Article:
Room for Improvement

The pros of room time-out far exceed the cons.

I’ve read that sending kids to their room is bad discipline because it’s taking a special place and pairing it with punishment.

I’ll do you one better. I’ve read that sending a child to his room can give him bad feelings toward sleep. If so, since the days of early adolescence, I should have been a complete insomniac.

I don’t agree with these far-stretched warnings in the least. To begin, a similar case could be made against nearly all discipline. If you make a teen write an essay on respect each time he’s disrespectful, will he turn away from the English language? If you fine him a dollar, will he grow up hating money? Will a preschooler sent to a corner become cornerphobic? If he sits one too many times in time-out, will he develop an aversion to chairs? Virtually every consequence carries some negative component or it wouldn’t be a consequence. It wouldn’t teach a lesson or have deterrent effect.

I suppose there are a few kids whose rooms could lose a little luster from their revisits, but even so, the pros of room time-out far exceed the cons. Before getting into these, one condition needs to be set. Mickey’s room is not a branch of Disney World, complete with an 18-foot video screen, toy warehouse and phone satellite linkup to nine countries. It is a relatively quiet place with a bed, some books and a few other comforts. If not, you can A) thin it out or B) use another room. Many parents choose “B” because they can’t afford to hire enough trucks to haul away the room’s inventory.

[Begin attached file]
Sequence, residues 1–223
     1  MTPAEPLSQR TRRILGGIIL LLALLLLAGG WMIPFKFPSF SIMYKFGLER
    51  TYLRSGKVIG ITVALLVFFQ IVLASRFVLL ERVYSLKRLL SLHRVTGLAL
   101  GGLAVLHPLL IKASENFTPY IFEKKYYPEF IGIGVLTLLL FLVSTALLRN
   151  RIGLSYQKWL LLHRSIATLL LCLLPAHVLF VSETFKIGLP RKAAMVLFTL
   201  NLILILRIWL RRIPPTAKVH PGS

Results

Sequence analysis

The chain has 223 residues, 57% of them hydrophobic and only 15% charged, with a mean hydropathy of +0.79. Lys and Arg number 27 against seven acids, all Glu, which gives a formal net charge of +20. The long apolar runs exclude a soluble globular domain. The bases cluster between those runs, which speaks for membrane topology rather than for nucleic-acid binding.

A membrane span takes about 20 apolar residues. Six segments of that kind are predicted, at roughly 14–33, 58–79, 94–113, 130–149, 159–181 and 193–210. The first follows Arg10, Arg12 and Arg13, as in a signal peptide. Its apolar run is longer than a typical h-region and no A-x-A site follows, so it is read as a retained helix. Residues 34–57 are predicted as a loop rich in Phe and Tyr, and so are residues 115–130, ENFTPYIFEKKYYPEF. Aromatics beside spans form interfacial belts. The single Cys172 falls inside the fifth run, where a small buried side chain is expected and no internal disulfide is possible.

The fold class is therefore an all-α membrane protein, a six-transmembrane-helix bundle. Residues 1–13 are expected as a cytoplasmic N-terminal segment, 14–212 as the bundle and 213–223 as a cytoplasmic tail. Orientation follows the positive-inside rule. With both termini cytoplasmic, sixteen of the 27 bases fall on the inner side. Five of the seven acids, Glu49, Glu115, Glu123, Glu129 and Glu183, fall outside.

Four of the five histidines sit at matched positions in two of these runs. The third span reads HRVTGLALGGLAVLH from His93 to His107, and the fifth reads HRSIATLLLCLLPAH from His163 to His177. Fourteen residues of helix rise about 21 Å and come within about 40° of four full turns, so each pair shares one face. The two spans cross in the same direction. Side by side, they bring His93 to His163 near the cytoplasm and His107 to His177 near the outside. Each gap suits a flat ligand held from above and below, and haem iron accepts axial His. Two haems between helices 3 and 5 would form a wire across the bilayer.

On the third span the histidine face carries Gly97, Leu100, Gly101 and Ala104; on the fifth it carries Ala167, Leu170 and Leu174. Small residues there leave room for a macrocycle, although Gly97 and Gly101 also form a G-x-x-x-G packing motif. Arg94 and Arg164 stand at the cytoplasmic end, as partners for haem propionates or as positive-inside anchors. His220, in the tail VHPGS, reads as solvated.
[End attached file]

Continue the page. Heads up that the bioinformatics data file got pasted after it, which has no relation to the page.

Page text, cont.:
The first benefit of room time-out is ease and simplicity. Three related laws of discipline are: The simpler it is, the more likely we’ll do it. The more likely we’ll do it, the better it’ll work. The better it works, the less we have to do it.

A room stay is well suited to any number of daily misbehaviors: disrespect, sibling quibbling, temper surges and arguing. Removal from the scene of the trouble is quick and effective. In a recent study of strong families, the most common discipline was room time, particularly for elementary schoolers and older kids.

A second benefit is the “out of your face” phenomenon. Rooms separate agitated, irritated or instigated parties, be they parents and kids, kids and kids or maybe parents and parents. So often discipline turbulence is not caused by the discipline itself but by the escalating words and emotions that can erupt during discipline. A firm room directive short-circuits trouble before it fuels itself. It allows both parties to simmer down more quickly, thus leaving much unsaid that is not meant and would later need explanation or apology. If you don’t say it, it doesn’t hurt.

A third benefit: Rooms give everyone time to think. Neither we nor Fulbright may use the time, but it’s there.

What is Raddison allowed to do in his room? Again, that’s up to you. But I would make off-limits the really neat stuff, like phone, television, iPod and toys. That leaves the quieter things like sitting, thinking, sleeping, reading and fuming. All in all, still not a bad selection.

The doctor is always

in at

Cistercian Father Thomas Esposito says of discerning one’s college choice, ‘There has to be something that tugs at you and makes you want to investigate it further. And then the personal encounter comes in the form of a visit or a chat with a student or alumnus who communicates with the same enthusiasm or energy about the place. And then that love of a place can be a seed which germinates in your own heart through prayer.’

Choose a College With a Discerning Mind and Heart

Cistercian Father Thomas Esposito, assistant professor of theology at the University of Dallas (UD) and subprior (and former vocations director) of the Cistercian Abbey of Our Lady of Dallas, drew from his experience as both a student and now monastic religious to help those discerning understand the parallels between religious and college discernment.